Think Inside the Box

Menomonie street feature improves bike safety

Briana Bryant, photos by Tim Mather

RIDING WITHIN THE LINES. This “bike box” at the intersection of 13th Avenue East and Broadway in Menomonie is designed to make cycling safer.
RIDING WITHIN THE LINES. This “bike box” at the intersection of 13th Avenue East and Broadway in Menomonie is designed to make cycling safer.

Apparently, Eau Claire might have to play a game of catch-up if it wants to be on the same pedal-powered playing field as Menomonie. The city of Menomonie recently created “bike boxes” at the intersection of 13th Avenue East and Broadway, in front of UW-Stout’s South Residence Hall.

What exactly is a bike box? If you have a brain like me, you might be picturing a phone-booth style box that encases bicyclists. Well, not exactly. A bike box is an extension of the bike lane that is painted on the pavement in an intersection. It is a large rectangle directly in front of the space where cars would normally stop for the stoplight.

A bike box is an extension of the bike lane that is painted on the pavement in an intersection. It is a large square directly in front of the space where cars would normally stop for the stoplight.

When the lights change, the bicyclists in the bike box are permitted to proceed through the intersection before the cars. This allows bikers to turn and go straight through intersections more safely, specifically when they are proceeding in a different direction than surrounding vehicles. Rather than waiting until the intersection has cleared to start a turn, and potentially running a red light, bicyclists have priority at the intersection to make it through safely. Bike boxes make bicyclists much more visible to vehicle drivers, thus making them safer. An added benefit is that the separation between bicyclists and vehicles protects the bicyclists from breathing in so many vehicle fumes while waiting at intersections.

As much as we would like Wisconsin to have been at the forefront of this bike safety movement, Europe actually thought of it first. The bike box was first introduced in Oxford, England, in 1986. Currently, the United Kingdom, Denmark, and other European countries have bike boxes. Britain calls them “Advanced Stop Lines,” but the idea is the same. The U.K.’s National Cyclists’ Organisation states that “Advanced Stop Lines are some of the cheapest, most cost-effective and popular ways to give cyclists visible priority at junctions, where around 70 percent of cyclist collisions occur.”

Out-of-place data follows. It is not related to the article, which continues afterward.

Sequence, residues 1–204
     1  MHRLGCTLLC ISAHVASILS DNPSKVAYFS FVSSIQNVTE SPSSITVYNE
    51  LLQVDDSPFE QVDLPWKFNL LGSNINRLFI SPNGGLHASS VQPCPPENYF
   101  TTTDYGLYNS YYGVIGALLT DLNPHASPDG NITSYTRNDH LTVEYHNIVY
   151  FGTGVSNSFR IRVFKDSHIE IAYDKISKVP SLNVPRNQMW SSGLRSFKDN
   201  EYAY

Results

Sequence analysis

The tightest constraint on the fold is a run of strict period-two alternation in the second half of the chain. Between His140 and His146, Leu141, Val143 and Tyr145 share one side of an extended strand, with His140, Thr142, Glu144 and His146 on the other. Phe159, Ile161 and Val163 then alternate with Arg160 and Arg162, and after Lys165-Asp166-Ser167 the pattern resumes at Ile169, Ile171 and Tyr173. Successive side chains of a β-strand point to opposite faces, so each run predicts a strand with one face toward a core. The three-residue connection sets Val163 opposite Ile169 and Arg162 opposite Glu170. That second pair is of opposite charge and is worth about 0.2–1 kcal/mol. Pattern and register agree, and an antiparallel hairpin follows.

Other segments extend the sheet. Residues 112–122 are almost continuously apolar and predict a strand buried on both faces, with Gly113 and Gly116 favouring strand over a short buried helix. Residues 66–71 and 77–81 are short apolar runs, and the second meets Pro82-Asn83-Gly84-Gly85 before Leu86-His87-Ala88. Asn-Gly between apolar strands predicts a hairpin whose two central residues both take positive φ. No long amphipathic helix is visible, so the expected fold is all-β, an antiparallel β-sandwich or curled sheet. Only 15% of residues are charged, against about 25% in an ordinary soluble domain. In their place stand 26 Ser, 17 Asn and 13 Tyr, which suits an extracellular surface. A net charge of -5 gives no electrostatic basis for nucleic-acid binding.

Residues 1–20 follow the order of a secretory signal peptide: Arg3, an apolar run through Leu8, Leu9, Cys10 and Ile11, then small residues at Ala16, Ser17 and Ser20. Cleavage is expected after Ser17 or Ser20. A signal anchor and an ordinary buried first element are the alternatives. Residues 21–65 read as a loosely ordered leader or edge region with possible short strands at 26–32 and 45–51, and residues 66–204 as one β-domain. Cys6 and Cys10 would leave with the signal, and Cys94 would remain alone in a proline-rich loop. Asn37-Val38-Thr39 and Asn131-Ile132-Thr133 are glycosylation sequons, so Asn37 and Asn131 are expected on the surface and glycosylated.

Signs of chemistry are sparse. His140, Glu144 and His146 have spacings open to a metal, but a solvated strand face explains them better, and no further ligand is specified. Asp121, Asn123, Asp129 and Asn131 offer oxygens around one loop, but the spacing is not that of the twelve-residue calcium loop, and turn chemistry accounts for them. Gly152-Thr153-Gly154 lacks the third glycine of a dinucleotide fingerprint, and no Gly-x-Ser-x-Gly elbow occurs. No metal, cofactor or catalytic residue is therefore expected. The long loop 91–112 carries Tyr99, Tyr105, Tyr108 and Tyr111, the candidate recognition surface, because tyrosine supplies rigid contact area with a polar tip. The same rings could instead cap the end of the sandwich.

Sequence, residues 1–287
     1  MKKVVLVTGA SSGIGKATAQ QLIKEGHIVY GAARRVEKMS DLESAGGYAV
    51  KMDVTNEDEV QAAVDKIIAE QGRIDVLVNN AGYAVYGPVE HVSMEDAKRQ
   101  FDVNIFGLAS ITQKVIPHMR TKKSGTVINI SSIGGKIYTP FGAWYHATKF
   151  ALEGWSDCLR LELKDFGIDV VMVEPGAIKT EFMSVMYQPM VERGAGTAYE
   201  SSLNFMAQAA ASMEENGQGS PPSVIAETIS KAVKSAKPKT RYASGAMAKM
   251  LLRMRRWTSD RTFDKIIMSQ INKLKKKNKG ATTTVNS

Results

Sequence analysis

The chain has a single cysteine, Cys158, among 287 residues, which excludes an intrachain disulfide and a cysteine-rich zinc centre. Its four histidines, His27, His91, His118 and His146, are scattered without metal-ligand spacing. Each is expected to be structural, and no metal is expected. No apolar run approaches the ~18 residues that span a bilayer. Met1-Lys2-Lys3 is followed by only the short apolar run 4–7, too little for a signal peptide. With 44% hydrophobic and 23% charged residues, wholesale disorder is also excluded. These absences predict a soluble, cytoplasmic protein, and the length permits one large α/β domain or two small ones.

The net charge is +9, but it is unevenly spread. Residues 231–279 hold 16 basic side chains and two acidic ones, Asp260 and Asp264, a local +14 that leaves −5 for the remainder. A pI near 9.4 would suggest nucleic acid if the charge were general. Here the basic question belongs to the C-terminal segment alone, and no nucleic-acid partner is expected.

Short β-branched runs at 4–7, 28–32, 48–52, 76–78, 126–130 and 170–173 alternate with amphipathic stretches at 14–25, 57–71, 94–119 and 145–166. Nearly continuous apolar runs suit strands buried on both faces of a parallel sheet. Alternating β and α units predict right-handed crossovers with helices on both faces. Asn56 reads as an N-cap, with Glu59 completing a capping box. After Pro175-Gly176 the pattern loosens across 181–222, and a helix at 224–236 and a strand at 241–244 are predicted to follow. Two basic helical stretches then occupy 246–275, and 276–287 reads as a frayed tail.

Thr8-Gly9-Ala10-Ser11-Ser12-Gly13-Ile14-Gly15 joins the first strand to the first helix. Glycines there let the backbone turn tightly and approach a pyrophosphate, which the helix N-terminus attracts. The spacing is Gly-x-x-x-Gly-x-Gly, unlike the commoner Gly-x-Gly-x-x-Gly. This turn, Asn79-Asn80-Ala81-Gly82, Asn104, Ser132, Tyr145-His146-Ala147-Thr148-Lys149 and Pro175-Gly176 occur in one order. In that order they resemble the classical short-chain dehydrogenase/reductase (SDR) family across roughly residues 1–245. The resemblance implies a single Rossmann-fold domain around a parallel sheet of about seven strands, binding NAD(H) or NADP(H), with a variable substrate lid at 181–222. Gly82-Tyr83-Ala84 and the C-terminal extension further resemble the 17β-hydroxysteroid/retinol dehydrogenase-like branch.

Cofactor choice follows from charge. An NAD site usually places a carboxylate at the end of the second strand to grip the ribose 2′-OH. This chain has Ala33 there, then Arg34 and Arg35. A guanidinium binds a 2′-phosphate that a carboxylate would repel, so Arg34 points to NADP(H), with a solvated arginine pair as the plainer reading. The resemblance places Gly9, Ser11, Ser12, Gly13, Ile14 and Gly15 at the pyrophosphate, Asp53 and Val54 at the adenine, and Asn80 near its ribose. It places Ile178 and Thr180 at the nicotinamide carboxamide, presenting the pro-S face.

Practically speaking, creating a bike box at an intersection mostly requires colored paint. No expensive equipment installation is necessary. London is also cracking down on drivers to make the bike boxes more effective. The police are handing out fines and even taking off points from drivers’ licenses for ignoring the boxes. In the United States, cities including Minneapolis, Madison and Portland, Ore., have implemented bike boxes.

Menomonie Director of Public Works Randy Eide says the idea of creating bike boxes in Menomonie began when a member of city’s Bicycle/Pedestrian Advisory Committee returned from a trip to Europe with  photos of bike boxes and wondered if something similar could be done close to home. After kicking the idea around for a bit, the city decided to install the first bike box in Menomonie in mid-August. Eide has high expectations for the bike box and hopes that the city will be able to install more like it in the future. Eide describes Menomonie as a bike-friendly community and wants it to stay that way. Several community members have already made positive comments about the bike box, he notes.

The city of Menomonie is taking a three-pronged approach to improving the intersection of 13th Avenue East and Broadway, where the bike box is located. Eide says the three aspects are safety for pedestrians, safety for bicyclists, and better traffic flow. To accomplish this, the city has also added a pedestrian island in the middle of the street near the intersection, which allows pedestrians to cross the street more safely.

Making intersections safer for pedestrians and bicyclists will help make traffic flow smoother because there will be less confusion about who belongs where. According to David Schofield, the project engineer, “Without a bike box, bicyclists can get trapped in the bike lane along the curb which can make left turns and even through movements difficult, to say nothing of the danger posed by right turning vehicles.”